Forum OpenACS Q&A: Response to GNU Public License and Mozilla Public License

Posted by Don Baccus on
An executable that runs under Linux can be closed and proprietary.  The fact that such executables are formed by linking against libraries leads to another issue that was solved by the LGPL (library GPL) that allowed the distribution and sale of closed-source products linked against (specifically) glibc.  The combination of the LGPL (which allows linking against glibc) and the fact that you can run executables afterwards are what allow Oracle, for instance, to sell its product in closed-source form under Linux.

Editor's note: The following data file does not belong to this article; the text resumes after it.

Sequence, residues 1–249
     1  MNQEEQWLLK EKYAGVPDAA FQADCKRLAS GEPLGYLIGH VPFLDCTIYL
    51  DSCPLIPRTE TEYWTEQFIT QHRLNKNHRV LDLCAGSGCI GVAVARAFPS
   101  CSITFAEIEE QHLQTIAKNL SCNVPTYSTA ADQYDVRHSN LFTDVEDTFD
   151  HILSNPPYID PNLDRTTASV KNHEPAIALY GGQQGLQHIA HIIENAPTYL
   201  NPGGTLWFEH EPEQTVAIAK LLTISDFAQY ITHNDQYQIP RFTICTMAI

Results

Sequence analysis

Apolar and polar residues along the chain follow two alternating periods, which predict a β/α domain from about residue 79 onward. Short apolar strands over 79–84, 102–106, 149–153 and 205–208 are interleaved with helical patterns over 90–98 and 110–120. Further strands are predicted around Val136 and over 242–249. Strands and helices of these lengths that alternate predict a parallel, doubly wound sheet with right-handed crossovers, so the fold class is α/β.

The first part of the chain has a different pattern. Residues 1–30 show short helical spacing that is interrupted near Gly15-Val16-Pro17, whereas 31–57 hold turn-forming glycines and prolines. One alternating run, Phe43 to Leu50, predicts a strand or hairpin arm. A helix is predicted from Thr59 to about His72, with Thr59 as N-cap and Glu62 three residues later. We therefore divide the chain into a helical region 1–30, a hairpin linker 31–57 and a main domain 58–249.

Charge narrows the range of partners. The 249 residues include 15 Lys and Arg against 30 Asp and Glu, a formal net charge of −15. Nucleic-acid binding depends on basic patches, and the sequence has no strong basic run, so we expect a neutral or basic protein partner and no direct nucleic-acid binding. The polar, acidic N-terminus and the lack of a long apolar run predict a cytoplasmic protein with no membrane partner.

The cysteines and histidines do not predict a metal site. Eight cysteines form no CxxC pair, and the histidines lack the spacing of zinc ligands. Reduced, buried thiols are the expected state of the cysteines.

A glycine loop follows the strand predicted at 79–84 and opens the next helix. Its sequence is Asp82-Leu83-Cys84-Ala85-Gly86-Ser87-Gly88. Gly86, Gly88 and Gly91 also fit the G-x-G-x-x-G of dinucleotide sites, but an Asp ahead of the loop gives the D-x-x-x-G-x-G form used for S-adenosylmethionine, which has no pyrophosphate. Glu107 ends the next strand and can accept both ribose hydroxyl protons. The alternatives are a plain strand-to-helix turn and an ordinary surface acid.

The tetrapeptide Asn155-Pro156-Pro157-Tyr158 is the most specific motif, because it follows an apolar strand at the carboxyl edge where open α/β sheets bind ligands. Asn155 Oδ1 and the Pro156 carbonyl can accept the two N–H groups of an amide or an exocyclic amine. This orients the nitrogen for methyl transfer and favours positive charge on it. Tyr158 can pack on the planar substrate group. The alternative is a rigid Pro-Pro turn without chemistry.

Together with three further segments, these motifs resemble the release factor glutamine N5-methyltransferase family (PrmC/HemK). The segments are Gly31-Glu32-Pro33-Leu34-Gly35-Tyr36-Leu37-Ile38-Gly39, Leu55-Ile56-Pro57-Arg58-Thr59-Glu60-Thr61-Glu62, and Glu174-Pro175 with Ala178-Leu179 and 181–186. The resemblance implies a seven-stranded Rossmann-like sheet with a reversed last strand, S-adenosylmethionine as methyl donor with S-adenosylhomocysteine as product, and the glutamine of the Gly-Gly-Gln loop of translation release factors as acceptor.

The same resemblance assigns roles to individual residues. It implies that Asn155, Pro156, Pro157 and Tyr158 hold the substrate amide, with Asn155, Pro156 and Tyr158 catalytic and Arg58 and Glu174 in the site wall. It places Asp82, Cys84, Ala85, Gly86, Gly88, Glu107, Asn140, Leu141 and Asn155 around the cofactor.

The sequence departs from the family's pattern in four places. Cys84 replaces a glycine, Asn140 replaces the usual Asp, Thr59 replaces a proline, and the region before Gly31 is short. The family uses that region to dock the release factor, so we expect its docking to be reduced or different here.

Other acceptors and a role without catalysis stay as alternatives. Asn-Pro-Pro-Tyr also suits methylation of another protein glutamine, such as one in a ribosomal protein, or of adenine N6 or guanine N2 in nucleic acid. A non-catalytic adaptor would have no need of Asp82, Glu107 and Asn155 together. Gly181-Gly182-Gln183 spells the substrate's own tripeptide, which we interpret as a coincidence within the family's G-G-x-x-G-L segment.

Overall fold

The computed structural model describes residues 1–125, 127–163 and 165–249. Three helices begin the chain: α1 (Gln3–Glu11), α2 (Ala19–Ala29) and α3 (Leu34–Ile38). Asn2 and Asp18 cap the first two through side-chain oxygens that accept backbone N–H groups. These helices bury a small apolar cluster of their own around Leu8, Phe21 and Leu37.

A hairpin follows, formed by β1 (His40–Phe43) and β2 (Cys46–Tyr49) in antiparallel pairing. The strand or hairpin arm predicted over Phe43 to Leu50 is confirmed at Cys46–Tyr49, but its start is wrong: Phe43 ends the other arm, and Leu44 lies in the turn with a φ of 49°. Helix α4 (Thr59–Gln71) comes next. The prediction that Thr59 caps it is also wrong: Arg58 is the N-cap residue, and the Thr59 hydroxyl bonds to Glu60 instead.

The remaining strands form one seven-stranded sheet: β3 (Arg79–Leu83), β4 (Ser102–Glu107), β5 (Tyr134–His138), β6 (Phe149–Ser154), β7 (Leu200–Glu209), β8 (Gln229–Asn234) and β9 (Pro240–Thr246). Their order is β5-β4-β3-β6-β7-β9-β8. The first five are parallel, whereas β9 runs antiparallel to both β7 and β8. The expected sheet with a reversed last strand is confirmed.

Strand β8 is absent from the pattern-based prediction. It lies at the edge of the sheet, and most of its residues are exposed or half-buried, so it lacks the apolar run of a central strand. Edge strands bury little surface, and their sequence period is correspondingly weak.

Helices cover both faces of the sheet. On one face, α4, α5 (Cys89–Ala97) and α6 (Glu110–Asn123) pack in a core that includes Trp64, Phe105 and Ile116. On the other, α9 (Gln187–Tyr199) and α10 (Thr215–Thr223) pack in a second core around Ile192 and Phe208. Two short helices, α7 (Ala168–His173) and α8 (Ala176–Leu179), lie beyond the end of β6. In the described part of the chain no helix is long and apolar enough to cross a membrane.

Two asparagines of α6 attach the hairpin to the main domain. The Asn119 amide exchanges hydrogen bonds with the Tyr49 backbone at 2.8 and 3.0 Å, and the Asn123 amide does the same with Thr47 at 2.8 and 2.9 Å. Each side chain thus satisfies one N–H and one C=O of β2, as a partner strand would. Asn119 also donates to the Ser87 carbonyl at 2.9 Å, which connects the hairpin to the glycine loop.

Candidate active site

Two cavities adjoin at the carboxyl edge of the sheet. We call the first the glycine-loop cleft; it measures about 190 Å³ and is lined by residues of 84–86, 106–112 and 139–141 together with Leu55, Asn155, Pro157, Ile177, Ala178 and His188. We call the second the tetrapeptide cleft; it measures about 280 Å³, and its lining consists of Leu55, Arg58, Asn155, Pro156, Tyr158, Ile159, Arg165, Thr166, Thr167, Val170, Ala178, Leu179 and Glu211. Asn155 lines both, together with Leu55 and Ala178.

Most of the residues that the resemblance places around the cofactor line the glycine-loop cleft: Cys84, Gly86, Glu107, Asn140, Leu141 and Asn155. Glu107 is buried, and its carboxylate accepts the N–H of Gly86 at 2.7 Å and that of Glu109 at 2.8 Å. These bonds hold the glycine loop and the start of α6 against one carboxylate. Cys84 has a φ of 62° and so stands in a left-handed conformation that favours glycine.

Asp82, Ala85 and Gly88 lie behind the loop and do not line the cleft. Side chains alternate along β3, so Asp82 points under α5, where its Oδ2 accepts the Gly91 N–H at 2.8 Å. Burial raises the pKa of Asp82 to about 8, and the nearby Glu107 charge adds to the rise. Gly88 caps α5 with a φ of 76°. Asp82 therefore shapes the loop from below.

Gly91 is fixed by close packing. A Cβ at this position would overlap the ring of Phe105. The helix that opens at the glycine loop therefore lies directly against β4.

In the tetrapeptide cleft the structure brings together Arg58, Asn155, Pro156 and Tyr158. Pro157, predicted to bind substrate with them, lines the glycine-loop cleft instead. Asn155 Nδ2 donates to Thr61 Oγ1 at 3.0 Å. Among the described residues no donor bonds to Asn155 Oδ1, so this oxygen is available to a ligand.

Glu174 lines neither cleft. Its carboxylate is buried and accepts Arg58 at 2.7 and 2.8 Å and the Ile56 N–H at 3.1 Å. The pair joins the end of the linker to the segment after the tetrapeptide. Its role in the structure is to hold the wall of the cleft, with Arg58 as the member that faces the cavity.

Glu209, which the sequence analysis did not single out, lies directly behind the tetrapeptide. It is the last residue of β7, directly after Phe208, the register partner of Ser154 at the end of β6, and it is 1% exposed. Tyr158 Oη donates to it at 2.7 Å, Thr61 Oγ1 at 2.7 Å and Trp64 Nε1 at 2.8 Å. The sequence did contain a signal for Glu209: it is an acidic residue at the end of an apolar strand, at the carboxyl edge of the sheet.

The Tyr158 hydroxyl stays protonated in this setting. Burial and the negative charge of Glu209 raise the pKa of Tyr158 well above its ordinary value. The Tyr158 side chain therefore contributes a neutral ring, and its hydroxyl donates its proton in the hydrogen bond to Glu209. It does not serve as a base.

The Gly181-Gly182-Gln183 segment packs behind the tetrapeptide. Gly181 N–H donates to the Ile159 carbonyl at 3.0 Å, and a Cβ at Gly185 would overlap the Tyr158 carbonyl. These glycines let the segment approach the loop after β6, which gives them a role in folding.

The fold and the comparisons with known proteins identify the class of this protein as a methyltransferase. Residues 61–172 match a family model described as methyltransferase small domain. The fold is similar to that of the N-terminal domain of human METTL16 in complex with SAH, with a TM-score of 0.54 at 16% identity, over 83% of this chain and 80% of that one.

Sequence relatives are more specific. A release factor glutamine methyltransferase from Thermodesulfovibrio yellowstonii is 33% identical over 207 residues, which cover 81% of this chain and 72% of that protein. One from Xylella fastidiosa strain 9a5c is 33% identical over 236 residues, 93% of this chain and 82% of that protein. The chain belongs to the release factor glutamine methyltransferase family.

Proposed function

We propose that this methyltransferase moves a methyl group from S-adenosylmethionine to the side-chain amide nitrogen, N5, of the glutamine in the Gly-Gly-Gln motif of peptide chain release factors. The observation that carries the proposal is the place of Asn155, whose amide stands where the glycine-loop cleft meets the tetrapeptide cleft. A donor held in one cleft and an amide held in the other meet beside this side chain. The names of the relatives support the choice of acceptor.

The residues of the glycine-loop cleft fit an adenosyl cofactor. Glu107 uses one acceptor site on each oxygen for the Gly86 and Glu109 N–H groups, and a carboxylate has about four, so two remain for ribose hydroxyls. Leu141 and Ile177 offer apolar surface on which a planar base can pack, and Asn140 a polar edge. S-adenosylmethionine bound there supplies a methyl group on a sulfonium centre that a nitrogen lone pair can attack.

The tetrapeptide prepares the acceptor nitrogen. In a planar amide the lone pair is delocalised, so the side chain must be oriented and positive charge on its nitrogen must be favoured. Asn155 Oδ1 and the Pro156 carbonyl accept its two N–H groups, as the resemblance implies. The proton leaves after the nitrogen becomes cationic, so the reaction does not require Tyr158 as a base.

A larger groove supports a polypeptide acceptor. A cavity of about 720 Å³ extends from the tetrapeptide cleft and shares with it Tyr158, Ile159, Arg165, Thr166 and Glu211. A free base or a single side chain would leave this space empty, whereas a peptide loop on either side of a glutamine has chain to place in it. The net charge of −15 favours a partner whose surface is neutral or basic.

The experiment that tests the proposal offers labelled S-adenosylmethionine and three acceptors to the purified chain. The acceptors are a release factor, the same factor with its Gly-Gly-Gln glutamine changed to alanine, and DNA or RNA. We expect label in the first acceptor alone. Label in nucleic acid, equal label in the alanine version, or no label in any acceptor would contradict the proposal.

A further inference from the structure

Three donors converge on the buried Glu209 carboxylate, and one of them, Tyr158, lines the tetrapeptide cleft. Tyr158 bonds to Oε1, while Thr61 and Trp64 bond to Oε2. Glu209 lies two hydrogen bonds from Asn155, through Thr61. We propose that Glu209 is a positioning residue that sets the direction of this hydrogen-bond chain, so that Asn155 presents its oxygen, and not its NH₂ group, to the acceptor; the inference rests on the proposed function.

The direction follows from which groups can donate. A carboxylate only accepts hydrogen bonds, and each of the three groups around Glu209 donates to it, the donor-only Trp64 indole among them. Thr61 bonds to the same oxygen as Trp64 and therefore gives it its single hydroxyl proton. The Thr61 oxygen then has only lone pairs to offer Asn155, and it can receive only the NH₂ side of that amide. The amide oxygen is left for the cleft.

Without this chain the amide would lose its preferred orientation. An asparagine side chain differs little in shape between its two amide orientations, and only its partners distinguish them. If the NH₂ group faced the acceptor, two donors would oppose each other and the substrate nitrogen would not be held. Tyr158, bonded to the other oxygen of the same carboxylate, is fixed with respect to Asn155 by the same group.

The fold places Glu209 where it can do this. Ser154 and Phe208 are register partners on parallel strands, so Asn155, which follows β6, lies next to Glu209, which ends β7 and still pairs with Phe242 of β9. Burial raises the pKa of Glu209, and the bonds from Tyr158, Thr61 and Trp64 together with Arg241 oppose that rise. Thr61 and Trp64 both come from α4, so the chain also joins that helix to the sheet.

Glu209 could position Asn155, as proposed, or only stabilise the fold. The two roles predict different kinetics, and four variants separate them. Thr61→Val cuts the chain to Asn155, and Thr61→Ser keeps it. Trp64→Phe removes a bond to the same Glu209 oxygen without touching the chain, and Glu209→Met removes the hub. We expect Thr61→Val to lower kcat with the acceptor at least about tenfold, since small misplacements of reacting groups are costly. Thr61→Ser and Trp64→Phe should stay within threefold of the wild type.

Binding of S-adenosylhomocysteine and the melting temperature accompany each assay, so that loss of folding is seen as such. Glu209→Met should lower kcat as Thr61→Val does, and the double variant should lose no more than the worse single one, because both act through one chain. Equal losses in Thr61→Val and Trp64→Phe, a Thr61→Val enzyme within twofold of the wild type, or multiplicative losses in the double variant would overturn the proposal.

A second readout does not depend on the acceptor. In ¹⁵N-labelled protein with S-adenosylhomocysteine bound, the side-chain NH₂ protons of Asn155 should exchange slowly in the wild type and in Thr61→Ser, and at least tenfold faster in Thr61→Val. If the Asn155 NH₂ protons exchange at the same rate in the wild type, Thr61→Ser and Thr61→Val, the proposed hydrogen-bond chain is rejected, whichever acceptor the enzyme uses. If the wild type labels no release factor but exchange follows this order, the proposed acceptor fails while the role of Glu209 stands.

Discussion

One could argue quite strongly that a package once mounted is much like an executable, making use of an API but not actually containing any GPL'd code.  This would be true for uncustomized versions of the core and other packages you might work with.  In other words, if the consumer can download OpenACS 4, install it, then install your package without your package modifying any of the underlying OpenACS 4 code then I think you'd be OK.

However note that all this is pretty fuzzy stuff.  Richard Stallman has his own private interpretations of various licenses and whether or  not they're compatible with the GPL, as well as what activities are or  are not legal under the GPL.  However none of this has ever been tested in court in any serious way.